The Swiss government aims at a partial revision of the Swiss Cartel Act. Now that the consultation process is completed, the Federal Council has unveiled its draft legislation. The revision aims at modernizing merger control and strengthening private damage litigation. The draft legislation remarkably also provides for a re-introduction of the effects test for hardcore cartel agreements. The revision will now be deliberated in the Swiss Parliament. The revised Cartel Act is not expected to enter into force before 2024.



On 24 May 2023, the Federal Council presented its draft legislation (“Draft“) for a partial revision of the Swiss Cartel Act (“CartA“) and adopted the accompanying dispatch. The Draft largely takes up the preliminary draft put forward in the consultation process in November 2021. The main changes to the CartA proposed by the Draft can be summarised as follows:


Modernization of merger control

Transition to the SIEC test

As in the Federal Council’s proposal submitted for consultation in November 2021, the Draft adopts the Significant Impediment to Effective Competition test (“SIEC test“) as the relevant standard for Swiss merger control. The transition from the dominance test, on which merger control has been based until now (i.e., a transaction can only be prohibited or burdened if it creates or strengthens a dominant position that completely eliminates effective competition), to the SIEC Test brings Swiss law into line with European Union practice in this area.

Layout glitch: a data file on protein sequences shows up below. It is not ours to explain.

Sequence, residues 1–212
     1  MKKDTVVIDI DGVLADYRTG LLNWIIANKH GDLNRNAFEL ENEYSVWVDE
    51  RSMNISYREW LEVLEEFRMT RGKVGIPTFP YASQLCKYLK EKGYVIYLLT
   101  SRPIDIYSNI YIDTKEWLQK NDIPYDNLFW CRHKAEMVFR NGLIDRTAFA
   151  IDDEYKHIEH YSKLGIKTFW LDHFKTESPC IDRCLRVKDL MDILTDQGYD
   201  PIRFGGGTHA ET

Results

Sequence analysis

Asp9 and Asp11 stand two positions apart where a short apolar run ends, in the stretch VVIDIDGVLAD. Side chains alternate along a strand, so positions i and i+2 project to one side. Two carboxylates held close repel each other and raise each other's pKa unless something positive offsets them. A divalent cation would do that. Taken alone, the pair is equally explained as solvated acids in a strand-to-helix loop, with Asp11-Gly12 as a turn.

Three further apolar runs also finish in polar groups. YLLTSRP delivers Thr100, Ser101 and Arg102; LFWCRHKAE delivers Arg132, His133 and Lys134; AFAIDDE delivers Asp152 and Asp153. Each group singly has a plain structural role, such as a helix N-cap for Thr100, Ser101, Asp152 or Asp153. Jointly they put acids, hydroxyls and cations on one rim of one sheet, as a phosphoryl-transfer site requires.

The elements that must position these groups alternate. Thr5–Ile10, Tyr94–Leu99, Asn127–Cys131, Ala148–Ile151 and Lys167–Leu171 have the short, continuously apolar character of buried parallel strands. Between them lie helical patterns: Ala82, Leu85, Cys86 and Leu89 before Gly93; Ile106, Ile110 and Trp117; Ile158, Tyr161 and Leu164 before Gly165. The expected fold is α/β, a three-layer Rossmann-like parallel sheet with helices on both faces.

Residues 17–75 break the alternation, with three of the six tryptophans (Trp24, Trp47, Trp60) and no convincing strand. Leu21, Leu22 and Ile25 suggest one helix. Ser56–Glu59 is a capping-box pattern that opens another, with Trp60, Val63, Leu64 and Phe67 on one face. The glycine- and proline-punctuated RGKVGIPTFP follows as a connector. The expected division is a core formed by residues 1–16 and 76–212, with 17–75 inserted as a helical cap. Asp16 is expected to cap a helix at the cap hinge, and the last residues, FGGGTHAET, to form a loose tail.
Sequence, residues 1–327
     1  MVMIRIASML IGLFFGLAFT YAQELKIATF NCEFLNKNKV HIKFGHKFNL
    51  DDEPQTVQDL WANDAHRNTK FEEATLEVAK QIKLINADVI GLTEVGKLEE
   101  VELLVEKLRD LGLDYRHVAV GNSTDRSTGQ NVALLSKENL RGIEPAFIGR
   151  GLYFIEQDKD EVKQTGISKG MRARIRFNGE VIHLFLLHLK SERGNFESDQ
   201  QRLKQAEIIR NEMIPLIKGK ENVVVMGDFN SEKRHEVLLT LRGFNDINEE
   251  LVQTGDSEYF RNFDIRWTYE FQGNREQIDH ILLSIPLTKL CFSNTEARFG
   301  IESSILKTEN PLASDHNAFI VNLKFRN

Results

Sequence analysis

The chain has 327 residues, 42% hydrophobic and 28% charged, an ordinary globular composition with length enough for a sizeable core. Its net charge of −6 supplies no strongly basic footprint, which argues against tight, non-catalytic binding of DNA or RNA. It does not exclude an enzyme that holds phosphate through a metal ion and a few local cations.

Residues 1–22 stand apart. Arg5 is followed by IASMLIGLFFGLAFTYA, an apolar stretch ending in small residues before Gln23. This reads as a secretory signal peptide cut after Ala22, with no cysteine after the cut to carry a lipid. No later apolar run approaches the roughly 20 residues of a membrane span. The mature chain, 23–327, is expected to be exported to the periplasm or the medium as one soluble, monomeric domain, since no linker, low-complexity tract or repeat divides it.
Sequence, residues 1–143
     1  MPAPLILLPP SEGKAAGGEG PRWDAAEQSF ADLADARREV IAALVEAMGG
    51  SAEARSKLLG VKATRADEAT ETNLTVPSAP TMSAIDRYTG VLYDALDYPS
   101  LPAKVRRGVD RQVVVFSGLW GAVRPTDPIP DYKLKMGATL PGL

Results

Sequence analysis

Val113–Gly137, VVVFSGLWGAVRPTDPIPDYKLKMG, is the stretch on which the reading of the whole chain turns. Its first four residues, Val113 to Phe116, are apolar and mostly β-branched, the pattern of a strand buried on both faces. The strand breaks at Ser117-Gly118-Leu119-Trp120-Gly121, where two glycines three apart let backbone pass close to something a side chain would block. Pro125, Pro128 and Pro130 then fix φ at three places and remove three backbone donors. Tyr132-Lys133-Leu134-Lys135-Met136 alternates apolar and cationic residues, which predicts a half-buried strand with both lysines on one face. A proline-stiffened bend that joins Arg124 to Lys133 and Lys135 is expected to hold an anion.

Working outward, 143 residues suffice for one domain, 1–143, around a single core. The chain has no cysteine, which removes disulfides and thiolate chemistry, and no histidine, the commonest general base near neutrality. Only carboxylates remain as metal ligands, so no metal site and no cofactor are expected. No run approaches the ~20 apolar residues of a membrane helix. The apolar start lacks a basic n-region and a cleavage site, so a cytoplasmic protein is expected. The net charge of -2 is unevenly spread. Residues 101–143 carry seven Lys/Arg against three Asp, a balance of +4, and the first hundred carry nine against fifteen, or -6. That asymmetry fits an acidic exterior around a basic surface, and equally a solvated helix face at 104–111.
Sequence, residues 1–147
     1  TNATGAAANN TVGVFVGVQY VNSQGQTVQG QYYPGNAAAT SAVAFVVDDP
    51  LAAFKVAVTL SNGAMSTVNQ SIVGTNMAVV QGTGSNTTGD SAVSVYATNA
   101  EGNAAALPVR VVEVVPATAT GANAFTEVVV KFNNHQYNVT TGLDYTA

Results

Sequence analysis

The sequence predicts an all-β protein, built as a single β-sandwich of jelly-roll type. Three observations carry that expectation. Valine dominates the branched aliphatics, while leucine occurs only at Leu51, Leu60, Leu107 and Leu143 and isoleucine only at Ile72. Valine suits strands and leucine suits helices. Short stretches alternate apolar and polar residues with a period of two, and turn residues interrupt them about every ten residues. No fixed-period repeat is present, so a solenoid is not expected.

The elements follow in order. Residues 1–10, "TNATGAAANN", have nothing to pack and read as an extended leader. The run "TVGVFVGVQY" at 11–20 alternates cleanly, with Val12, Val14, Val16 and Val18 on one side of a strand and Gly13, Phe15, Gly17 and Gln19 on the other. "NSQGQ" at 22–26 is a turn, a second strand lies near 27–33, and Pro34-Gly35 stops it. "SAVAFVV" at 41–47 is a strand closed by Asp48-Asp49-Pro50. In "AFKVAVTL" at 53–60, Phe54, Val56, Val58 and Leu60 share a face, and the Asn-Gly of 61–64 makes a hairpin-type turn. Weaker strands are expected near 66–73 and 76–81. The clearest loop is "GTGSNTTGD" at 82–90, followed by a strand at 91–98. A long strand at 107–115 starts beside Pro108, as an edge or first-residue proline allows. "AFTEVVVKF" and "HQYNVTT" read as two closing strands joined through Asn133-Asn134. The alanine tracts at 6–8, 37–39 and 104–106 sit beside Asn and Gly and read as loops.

Under the SIEC Test, the Swiss Competition Commission (“COMCO“) will be able to prohibit a transaction (or authorize it subject to conditions or obligations) if the following two cumulative conditions are met:

  • The transaction significantly impedes effective competition, in particular by creating or strengthening a dominant position; and
  • The transaction does not generate merger-specific efficiencies for buyers that are verifiable and justified by the notifying undertakings and that outweigh the disadvantages caused by the significant impediment to competition.

The SIEC test will lower the current threshold for intervention by COMCO, which will probably lead to the issuance of stricter decisions in the future, and even to a greater number of national merger bans.


New exemption from the notification obligation

Transactions that meet the turnover thresholds of the current Article 9(1) of the CartA must be notified to COMCO. The Draft introduces an exception to this obligation for cross-border mergers if the following two cumulative conditions are met:

  • The proposed transaction must not be focused on Switzerland, i.e. each of the product markets affected by the transaction can be delineated geographically in such a way that it includes Switzerland and at least the European Economic Area (“EEA”). If the transaction affects at least one market that is geographically limited to Switzerland, the notification obligation remains in force.
  • The proposed transaction must be assessed by the European Commission. If the transaction is not notified to the European Commission, the exemption does not apply.